- Gestamp, rebranded as X-Elio, wants to operate 2.5 gigawatts
- Ambitions to expand operations in Japan, U.S., U.K., Mexico
KKR & Co. invested hundreds of millions of dollars in the Spanish solar power plant developer it bought last year and is open to spending more to tap into a renewable-energy revolution that it sees increasingly displacing fossil fuels.
“KKR has committed to grow this platform and today we have about half a billion dollars of equity committed to expand this business," Jesus Olmos, global co-head of infrastructure at KKR, said in an interview in London. "We have our targets, but if we find more opportunities, we will be able to inject the equity and the debt that is needed."
After clearing regulatory hurdles to seal the acquisition of Gestamp Asetym Solar SL, the private-equity firm is rebranding the developer as X-Elio, KKR said Thursday in an e-mailed statement.
The cash injection is a sign of the health of the renewables industry even after a plunge in oil prices recast the fortunes of the biggest energy producers. Clean energy has been boosted in the past two months by a global climate agreement reached in Paris, and by a U.S. decision to extend tax credits to both the wind and solar power industries.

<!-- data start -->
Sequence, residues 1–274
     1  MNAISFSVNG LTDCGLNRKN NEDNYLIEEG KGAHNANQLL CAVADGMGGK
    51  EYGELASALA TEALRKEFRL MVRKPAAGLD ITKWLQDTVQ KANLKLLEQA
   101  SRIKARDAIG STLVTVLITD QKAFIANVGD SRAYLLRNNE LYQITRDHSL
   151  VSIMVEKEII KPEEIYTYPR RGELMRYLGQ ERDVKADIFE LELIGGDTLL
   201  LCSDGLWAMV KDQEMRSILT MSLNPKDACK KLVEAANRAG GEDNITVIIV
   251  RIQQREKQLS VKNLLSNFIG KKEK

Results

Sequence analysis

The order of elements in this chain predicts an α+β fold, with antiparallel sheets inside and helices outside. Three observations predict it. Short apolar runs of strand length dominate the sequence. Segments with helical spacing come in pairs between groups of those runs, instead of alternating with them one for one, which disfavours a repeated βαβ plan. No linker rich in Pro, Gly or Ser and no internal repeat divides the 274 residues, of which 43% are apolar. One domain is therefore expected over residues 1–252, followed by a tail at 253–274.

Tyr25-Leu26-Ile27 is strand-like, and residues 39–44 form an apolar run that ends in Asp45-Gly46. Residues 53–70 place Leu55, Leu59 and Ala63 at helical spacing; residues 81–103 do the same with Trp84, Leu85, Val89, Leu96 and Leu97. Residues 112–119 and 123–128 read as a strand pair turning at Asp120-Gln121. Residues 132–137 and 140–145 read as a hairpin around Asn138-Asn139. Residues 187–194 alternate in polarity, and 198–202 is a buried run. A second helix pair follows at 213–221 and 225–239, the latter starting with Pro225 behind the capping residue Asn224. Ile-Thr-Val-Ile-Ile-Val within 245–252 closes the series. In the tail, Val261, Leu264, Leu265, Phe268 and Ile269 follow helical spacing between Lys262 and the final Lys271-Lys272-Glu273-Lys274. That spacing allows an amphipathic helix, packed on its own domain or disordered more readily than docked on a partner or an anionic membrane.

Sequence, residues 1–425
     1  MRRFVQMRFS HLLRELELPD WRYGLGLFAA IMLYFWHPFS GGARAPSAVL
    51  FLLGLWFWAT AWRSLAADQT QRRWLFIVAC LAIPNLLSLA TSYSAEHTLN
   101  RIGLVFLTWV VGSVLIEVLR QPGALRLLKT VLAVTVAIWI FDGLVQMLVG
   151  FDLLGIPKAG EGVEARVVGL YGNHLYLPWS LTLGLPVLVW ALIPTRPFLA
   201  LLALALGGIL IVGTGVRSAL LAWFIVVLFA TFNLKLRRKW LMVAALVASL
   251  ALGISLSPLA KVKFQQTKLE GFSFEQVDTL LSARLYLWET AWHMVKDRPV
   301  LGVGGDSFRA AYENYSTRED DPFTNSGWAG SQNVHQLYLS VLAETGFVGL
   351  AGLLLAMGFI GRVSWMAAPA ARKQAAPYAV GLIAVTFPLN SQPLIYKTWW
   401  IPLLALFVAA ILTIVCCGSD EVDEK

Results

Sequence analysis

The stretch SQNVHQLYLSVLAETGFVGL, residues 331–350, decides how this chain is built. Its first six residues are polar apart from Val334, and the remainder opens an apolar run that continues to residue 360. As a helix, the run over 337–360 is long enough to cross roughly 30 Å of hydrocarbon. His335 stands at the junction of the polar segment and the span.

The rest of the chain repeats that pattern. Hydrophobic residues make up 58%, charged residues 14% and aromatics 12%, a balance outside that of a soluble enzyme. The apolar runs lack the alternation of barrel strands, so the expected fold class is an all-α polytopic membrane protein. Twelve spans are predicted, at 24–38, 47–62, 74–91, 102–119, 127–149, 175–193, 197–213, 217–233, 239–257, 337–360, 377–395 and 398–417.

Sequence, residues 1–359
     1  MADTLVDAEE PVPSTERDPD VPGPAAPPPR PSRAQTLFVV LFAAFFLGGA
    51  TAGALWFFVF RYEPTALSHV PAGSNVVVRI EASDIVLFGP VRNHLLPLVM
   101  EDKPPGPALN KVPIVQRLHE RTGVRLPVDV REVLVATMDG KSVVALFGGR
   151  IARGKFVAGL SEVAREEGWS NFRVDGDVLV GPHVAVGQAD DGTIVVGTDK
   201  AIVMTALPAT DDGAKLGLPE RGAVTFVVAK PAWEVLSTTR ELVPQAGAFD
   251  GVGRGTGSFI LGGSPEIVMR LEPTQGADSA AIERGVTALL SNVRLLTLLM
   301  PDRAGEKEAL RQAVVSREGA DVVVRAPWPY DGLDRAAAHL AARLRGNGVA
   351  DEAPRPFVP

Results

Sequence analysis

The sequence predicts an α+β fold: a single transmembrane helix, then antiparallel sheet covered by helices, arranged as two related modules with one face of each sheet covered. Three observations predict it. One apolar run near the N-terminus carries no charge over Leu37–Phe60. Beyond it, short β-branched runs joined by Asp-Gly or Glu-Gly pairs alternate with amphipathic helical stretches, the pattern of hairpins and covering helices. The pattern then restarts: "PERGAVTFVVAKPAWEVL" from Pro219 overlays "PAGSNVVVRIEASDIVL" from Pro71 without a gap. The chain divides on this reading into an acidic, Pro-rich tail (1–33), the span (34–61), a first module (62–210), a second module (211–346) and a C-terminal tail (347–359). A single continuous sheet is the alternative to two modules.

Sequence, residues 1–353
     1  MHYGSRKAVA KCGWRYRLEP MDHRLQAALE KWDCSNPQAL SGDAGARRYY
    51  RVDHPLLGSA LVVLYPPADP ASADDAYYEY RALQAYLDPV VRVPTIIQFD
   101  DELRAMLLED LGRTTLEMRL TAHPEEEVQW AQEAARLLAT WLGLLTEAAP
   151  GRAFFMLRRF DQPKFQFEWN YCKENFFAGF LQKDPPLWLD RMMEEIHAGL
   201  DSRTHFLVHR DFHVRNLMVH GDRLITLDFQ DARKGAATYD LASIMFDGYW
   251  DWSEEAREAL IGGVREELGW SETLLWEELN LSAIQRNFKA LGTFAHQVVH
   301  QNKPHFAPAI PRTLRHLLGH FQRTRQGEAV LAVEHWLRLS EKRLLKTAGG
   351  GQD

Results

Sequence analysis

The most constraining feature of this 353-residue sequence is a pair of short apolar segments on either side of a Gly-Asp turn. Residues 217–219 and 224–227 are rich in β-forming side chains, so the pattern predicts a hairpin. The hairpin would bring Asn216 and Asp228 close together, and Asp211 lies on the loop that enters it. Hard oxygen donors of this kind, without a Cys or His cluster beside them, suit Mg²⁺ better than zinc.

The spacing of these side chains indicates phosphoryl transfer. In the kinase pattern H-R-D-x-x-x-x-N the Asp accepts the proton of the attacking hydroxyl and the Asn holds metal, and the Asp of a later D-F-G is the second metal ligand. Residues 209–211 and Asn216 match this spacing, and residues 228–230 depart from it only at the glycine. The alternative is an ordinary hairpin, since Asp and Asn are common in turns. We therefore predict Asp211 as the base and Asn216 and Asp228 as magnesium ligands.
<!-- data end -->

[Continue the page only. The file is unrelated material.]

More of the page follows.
“Eight or nine years ago, investors were not really putting a lot of money into solar PV or renewables in general,” Olmos said. “But now, the world has decided to go for a different model where renewables are going to be important. According to our investment thesis, solar PV and onshore wind are going to be the two winning technologies.”
The wind industry installed a record 63 gigawatts of new capacity in 2015, according to a report on Wednesday by the Global Wind Energy Council. Bloomberg New Energy Finance predicts that solar photovoltaic installations may rise to as much as 68 gigawatts this year, from last year’s record of 56 gigawatts.
X-Elio will stay focused on solar power, and plans to increase its installed base to 2.5 gigawatts in 2020 from about 300 megawatts now, with a focus on rich industrial countries and other nations “with a similar risk profile,” Olmos said.
"The biggest market in 2016 and probably 2017 will be Japan,” X-Elio Chief Executive Officer Jorge Barredo said in an interview, alongside Olmos. “It will keep on being a very important market for the next five to six years. Mexico is also increasingly important for us.”
Barredo said the company aims to expand in the U.S. beyond the 24 megawatts of projects it already owns. X-Elio may also buy assets in the U.K., where it is analyzing "three or four big portfolios,” with a target of operating from 60 megawatts to 100 megawatts there, he said. Olmos named Chile, South Africa and Southeast Asia as other possible areas of expansion.